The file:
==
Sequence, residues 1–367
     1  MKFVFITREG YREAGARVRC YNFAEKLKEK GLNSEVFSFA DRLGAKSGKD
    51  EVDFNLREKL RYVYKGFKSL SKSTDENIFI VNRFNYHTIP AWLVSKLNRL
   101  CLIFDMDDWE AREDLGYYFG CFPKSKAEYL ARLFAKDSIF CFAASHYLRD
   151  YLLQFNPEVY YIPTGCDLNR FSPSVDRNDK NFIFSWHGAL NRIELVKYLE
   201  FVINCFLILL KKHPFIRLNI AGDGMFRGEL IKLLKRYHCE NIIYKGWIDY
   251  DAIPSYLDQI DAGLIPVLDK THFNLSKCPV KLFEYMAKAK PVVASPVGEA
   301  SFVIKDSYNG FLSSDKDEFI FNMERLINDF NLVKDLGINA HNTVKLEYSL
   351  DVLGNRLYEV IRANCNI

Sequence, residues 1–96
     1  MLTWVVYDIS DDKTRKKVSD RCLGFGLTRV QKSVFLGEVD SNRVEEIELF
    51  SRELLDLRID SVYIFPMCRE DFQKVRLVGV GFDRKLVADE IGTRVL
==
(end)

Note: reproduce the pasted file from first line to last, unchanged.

Sequence, residues 1–367
     1  MKFVFITREG YREAGARVRC YNFAEKLKEK GLNSEVFSFA DRLGAKSGKD
    51  EVDFNLREKL RYVYKGFKSL SKSTDENIFI VNRFNYHTIP AWLVSKLNRL
   101  CLIFDMDDWE AREDLGYYFG CFPKSKAEYL ARLFAKDSIF CFAASHYLRD
   151  YLLQFNPEVY YIPTGCDLNR FSPSVDRNDK NFIFSWHGAL NRIELVKYLE
   201  FVINCFLILL KKHPFIRLNI AGDGMFRGEL IKLLKRYHCE NIIYKGWIDY
   251  DAIPSYLDQI DAGLIPVLDK THFNLSKCPV KLFEYMAKAK PVVASPVGEA
   301  SFVIKDSYNG FLSSDKDEFI FNMERLINDF NLVKDLGINA HNTVKLEYSL
   351  DVLGNRLYEV IRANCNI

Sequence, residues 1–96
     1  MLTWVVYDIS DDKTRKKVSD RCLGFGLTRV QKSVFLGEVD SNRVEEIELF
    51  SRELLDLRID SVYIFPMCRE DFQKVRLVGV GFDRKLVADE IGTRVL